The City of New York has imposed stricter requirements on ALL employers by amending the administrative code of the City of New York, in order to expand protections for nursing mothers.
Here’s the breakdown…
NYC employers with 4 or more employees must make “reasonable efforts” to provide a “lactation room”, and a refrigerator suitable for breast milk upon request of breastfeeding employees, if it doesn’t impose an “undue burden” on the employer.
Lactation Room Requirements
- Must be a dedicated, sanitary space other than a restroom; shielded from view or intrusion
- Must include a chair, an electrical outlet, and a surface to place personal items;
- Have nearby access to running water.
- Must be in close proximity to the breastfeeding employees work area.
Although employers are not required to designate a room solely for lactation, if the designated lactation room will be used for other purposes:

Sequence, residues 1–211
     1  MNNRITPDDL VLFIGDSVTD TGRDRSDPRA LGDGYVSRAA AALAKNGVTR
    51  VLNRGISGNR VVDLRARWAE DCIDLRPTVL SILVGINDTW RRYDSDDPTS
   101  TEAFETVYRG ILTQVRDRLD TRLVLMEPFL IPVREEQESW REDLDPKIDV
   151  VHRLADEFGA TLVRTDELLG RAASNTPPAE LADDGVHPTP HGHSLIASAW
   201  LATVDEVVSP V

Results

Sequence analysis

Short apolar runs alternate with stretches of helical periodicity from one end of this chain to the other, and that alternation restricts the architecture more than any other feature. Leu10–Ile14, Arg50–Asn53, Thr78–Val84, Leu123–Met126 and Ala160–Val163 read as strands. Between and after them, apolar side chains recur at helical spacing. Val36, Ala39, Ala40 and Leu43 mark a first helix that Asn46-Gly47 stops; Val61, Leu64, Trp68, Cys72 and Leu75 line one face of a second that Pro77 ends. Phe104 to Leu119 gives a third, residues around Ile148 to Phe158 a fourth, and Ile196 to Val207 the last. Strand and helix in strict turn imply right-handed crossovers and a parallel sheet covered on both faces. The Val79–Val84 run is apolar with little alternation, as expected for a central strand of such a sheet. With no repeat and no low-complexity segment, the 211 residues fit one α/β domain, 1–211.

- It must be used solely as a lactation room during times when an employee is using the room to express milk;
- Employers must provide notice to other employees that the room is given preference for use as a lactation room.
If providing a lactation room is an “undue burden”, employers must discuss alternate accommodations/options and must provide an outcome of the request in writing.
NYC employers with 4 or more employees are required to have a written lactation room policy that must be given to all new employees at the time of hiring.
Written Policy Requirements
- Has to include a statement that employees have a right to request a lactation room;
- Describe the process by which employees could request a lactation room;
- Require that employers respond to a request within 5 days;
- Provide a procedure for 2 individuals needing to use the room at the same time;
- State that employers will provide a breastfeeding employee with reasonable time to express milk;
- Provide a statement explaining the possibility of undue hardship and employer’s responsibility to discuss other options.
***The NYC Human Rights Commission has model lactation room policies, which can be used by employers to properly create their own.